India @75: Sugandha Varshney on the many moods and facets of advertising

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As India prepares to celebrate its 75th anniversary of independence, at Adgully we trace the journey of advertising and its contribution to Indian society as a whole – whether it is leading to a shift in mindsets, a societal model or the empowerment of different communities. or ushering in new thoughts – essentially, Soch badal ke rakh diya.

Our aim is to bring together 75 of the most impressive and significant ways in which advertising has impacted India over the decades. For this, we are reaching out to the Advertising Honchos of India to share advertising’s most significant contributions to Indian society and why they consider them important developments. We’ll be serializing the story on Adgully’s website in the lead up to Independence Day this year in this special series: India @ 75 – Through the advertising lens.

“Ads always bring a wave of awareness around them, making things visible to people, who otherwise might have remained invisible,” noted Sugandha Varshney, Head of Digital Marketing, DIZO, in an interaction with Adgully. She added: “While they started out keeping the product focused, they gradually started to focus on solving people’s underlying issues, like how a washing machine could solve women’s issues, or how an electric vehicle can help reduce pollution and help create a greener planet. It also induced discussions between the communities and therefore raised awareness by word of mouth. »

Varshney informed that the first digital banner ad was released in 1994. In 2000, Google developed its advertising platform, Google Ads (formerly Google AdWords), allowing businesses to target advertisements based on search history Google and a person’s browsing preferences. In 2007, Facebook introduced Facebook Ads, providing many opportunities for brands to advertise their products and services. Digital advertising has now overtaken traditional channels like TV, billboards, newspapers, magazines, radio, etc. reaching Rs 199 billion in the financial year 2020, and according to Statista, it is expected to reach up to Rs 539 billion by 2024,” she added.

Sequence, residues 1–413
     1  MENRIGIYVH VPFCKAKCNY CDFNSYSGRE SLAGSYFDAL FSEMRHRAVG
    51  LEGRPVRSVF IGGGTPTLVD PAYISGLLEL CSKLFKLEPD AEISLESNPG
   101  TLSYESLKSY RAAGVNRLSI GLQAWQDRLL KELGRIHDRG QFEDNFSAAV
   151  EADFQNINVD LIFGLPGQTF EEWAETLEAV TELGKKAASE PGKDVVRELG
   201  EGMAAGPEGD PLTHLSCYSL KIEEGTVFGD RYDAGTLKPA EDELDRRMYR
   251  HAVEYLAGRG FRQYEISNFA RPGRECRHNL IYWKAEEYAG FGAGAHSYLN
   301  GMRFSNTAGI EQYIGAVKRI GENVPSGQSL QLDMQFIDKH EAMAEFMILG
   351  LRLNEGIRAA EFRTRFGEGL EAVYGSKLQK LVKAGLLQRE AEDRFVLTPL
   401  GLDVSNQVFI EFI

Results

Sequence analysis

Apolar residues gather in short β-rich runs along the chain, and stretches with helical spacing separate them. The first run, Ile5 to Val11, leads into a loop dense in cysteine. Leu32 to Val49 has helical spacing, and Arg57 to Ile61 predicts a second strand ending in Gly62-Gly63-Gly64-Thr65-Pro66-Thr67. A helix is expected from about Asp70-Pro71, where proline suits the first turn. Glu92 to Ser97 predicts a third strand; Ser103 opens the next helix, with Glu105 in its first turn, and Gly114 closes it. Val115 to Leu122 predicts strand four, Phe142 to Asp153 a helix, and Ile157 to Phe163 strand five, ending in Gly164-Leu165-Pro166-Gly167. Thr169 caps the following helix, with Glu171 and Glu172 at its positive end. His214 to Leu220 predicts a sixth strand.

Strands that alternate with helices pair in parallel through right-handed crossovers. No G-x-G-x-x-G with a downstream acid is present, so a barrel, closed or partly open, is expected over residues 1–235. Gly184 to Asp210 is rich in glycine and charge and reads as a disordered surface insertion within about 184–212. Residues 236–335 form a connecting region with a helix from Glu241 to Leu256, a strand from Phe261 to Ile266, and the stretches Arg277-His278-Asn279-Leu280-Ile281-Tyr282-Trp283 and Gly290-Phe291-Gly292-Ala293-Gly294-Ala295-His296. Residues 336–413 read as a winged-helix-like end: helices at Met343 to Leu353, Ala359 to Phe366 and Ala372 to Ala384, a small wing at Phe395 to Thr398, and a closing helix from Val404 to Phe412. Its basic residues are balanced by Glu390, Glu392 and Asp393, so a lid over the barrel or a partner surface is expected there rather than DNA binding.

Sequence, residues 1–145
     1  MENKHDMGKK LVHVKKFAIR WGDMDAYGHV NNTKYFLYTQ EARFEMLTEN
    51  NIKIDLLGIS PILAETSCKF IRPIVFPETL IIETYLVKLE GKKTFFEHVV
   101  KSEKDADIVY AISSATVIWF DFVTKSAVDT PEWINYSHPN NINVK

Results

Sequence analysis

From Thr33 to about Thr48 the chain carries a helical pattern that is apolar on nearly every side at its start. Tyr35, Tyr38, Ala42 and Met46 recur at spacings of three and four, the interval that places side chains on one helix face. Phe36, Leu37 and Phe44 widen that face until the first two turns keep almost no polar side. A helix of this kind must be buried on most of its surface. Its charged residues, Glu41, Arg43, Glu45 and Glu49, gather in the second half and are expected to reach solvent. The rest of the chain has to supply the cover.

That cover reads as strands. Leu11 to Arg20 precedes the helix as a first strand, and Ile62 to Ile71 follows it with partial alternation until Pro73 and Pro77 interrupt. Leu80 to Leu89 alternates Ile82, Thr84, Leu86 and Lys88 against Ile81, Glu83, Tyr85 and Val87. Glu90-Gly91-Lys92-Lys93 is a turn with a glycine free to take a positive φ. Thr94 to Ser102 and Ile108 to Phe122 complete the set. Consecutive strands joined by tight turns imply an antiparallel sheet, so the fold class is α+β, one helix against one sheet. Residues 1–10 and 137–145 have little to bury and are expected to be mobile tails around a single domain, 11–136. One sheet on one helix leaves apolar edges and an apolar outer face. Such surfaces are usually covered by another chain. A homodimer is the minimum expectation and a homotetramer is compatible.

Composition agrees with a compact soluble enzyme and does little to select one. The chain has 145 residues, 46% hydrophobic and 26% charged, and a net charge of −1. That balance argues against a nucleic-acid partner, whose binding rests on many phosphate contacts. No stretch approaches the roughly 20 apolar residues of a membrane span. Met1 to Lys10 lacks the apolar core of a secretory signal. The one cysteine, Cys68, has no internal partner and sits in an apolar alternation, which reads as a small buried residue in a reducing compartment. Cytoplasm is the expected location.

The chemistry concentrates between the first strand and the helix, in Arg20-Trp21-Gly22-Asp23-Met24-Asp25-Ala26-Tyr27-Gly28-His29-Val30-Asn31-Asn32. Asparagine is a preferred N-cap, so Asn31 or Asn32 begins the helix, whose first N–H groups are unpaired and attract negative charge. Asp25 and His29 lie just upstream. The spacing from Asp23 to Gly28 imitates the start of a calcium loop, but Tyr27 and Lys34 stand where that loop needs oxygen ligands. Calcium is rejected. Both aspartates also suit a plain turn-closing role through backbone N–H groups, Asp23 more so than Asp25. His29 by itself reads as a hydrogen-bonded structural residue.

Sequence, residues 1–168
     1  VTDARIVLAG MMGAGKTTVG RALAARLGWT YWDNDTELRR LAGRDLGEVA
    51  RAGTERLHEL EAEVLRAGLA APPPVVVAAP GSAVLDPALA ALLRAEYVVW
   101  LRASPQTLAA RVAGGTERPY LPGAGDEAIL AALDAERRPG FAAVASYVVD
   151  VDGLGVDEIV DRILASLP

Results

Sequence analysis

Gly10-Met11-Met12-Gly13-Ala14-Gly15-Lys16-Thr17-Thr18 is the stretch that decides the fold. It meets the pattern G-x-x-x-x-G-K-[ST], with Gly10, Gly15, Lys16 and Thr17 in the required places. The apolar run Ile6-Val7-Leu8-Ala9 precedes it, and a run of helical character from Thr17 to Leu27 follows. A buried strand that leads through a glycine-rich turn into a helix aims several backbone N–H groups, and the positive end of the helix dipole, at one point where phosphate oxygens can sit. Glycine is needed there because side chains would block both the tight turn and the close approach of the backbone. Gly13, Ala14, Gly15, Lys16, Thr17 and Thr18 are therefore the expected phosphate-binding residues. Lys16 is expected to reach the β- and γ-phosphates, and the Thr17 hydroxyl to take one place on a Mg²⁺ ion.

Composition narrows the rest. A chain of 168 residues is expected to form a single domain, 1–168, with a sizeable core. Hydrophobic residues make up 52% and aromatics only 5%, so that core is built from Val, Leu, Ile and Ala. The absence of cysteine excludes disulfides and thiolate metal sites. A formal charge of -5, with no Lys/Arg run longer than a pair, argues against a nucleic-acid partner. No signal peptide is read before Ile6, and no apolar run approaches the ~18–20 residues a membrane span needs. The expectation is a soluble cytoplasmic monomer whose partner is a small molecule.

In addition to general advertisements, some public service advertisements aim to raise awareness about certain topics. Varshney said a classic example here would be the Pulse Polio ad campaigns with the famous line – “Do Boond Zindagi ki” – which featured Amitabh Bacchan and played on all TVs and radio stations, prompting people to take their children to get the necessary drops, finally making India polio-free in 2011. internet and within reach of influencers in these regions,” she noted.

According to Varshney, “Additionally, advertisements are very useful in promoting art or budding artists and businesses by helping them reach a wider audience. Take the DIZO X Tuttix Crew campaign for example, which helped Tutting – a niche form of dance – gain popularity by promoting it with their products and contests, giving them an impressive 1.5 million seen in 3 days. Another example would be DIZO’s recent campaign, where he collaborated with an aspiring artist Prachi and provided ideas and advice related to drawing and compelled people to draw. Ads therefore help to promote a stagnant art, idea or concept for a good cause.

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